Last year’s Budget was accompanied by a flurry of media releases from Julia Gillard trumpeting funding measures for higher education. Universities responded with a barrage of releases thanking Gillard. The government’s strategy of downplaying expectations worked wonders, with the sector grateful to receive very modest funding, mainly for capital works.

This year’s Budget has been accompanied by a deafening silence from both groups.

The only minister to announce anything for higher education was Kim Carr, the minister responsible for the Innovation, Industry, Science and Research portfolio. He confirmed funding previously announced for research centres at James Cook University in Queensland and the Australian National University, together with a new national centre for public policy.

The main winner in education is the vocational sector, which receives $660 million as part of the government’s “Skills for Sustainable Growth” package.

Gillard has largely ignored the university sector: there are barely any crumbs in this year’s Budget. One, announced in the Treasurer’s speech (the closest Wayne Swan got to mentioning higher education), was the establishment of a Centre for International Finance and Regulation.

The Government has allocated $24.1 million over four years to train financial regulators from Australia and the Asia Pacific region. Which university will host the centre is up for grabs, but whoever wins will have to contribute to the centre’s establishment.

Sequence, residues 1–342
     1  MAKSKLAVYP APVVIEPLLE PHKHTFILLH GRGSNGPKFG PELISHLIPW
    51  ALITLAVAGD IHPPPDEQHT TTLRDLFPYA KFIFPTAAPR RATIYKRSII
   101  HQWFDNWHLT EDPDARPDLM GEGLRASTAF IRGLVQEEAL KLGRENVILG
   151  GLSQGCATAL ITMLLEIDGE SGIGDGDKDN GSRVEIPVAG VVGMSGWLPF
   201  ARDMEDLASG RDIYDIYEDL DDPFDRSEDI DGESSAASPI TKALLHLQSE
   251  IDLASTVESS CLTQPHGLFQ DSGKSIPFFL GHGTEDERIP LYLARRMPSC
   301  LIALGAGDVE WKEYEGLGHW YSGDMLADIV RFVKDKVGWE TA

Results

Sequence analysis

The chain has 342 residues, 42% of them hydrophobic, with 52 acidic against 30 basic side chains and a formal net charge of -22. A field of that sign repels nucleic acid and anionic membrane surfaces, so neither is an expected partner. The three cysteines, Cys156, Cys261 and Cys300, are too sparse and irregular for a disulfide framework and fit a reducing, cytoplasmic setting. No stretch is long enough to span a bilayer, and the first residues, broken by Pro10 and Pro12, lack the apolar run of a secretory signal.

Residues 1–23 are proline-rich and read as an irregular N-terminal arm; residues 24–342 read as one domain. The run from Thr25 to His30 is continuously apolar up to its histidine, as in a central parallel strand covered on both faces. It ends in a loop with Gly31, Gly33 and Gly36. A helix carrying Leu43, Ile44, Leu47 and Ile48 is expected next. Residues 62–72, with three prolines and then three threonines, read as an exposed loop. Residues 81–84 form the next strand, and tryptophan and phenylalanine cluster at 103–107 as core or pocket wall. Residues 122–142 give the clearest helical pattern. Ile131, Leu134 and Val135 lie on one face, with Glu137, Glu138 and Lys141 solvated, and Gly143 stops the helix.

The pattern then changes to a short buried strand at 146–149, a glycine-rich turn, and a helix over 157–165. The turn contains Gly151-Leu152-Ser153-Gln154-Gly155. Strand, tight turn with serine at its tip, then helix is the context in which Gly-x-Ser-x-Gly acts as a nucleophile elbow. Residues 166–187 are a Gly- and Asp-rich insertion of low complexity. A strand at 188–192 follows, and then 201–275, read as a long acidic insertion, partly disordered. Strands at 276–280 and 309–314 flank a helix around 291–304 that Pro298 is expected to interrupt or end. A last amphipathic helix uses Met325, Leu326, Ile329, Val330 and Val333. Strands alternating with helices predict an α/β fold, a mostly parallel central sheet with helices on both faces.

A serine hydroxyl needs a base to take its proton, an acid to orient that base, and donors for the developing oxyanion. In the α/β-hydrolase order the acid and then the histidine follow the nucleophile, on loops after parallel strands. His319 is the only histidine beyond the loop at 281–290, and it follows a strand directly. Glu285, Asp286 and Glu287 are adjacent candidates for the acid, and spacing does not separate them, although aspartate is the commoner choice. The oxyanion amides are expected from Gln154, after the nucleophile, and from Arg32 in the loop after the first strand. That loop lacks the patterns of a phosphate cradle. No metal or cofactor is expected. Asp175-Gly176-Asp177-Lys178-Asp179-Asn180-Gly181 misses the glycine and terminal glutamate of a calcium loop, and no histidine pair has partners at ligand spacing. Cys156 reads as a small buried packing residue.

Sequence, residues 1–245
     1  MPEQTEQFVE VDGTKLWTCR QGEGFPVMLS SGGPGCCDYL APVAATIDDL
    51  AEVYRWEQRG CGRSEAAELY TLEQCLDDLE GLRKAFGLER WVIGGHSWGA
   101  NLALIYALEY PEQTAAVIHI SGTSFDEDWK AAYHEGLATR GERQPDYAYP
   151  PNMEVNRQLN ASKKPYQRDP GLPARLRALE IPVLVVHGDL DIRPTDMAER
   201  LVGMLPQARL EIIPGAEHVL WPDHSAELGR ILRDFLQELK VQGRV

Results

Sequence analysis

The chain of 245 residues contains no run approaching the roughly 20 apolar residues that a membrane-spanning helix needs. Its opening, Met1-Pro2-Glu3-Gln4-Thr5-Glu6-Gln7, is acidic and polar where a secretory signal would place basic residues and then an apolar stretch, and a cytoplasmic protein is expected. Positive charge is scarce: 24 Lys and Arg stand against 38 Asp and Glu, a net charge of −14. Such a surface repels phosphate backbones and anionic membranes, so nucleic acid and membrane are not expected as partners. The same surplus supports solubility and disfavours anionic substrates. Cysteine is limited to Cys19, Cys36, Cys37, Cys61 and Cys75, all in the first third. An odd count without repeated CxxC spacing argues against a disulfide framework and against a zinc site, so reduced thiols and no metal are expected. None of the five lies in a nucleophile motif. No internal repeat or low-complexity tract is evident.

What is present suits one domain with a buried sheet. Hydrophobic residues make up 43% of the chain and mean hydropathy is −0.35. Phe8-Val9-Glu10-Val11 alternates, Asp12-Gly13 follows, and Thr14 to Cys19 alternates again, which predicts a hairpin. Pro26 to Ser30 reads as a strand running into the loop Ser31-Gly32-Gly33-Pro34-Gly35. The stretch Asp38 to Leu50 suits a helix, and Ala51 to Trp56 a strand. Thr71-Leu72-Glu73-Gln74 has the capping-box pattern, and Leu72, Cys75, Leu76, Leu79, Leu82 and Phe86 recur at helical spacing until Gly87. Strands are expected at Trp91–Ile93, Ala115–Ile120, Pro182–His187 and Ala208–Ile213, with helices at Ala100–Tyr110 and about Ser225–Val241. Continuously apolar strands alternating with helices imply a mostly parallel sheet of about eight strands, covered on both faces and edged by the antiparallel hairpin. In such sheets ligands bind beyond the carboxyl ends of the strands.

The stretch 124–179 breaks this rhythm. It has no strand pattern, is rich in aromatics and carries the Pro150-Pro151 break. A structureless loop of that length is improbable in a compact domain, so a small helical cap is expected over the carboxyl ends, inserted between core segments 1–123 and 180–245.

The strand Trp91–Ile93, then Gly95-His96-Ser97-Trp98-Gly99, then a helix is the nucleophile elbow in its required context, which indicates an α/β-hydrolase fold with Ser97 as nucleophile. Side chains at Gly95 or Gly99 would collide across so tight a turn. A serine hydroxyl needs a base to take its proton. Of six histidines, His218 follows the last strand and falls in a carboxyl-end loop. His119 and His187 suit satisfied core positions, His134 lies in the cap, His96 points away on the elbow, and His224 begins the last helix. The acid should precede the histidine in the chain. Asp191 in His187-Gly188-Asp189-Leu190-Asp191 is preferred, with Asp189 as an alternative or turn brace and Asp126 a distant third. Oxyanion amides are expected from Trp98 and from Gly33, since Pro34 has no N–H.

The setting up of a rural tertiary hardship fund and changes to youth allowance made it into the Budget, but these were announced earlier in the year.

Even Gillard’s announcement in March that the sector would get a My University website failed to rate a mention: there are no details about timing, content or funding.

At the end of its first term, the Rudd government gives the impression of having dropped the ball on higher education. Although many academics and students may not have liked the Howard government’s strategy for the sector, at least it had one. Students would pay higher fees, supposedly to fund improvements in quality.

The Rudd government scrapped full fees for local undergraduates, and in 2012 will lift the caps that prevent universities enrolling more local students. But the government has no strategy for the sector’s principal problem: public funding for local students does not cover the cost of providing a decent education.

Universities therefore focus on more lucrative fee-paying international students and rebadge high-demand undergraduate degrees as masters courses as a way of charging fees to local students.

Gillard’s vision seems to be that universities will become bigger, but remain mediocre.

With many leading northern hemisphere universities struggling to cope with government funding cuts and declines in investment income, this year would have been the perfect time for Australia to show it was serious about a high quality university sector.

Higher education is way off the government’s radar and seems unlikely to be an election issue. The education revolution is still a long way off.

*Erica Cervini writes the higher education blog, Third Degree

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Peter Fray
Peter Fray
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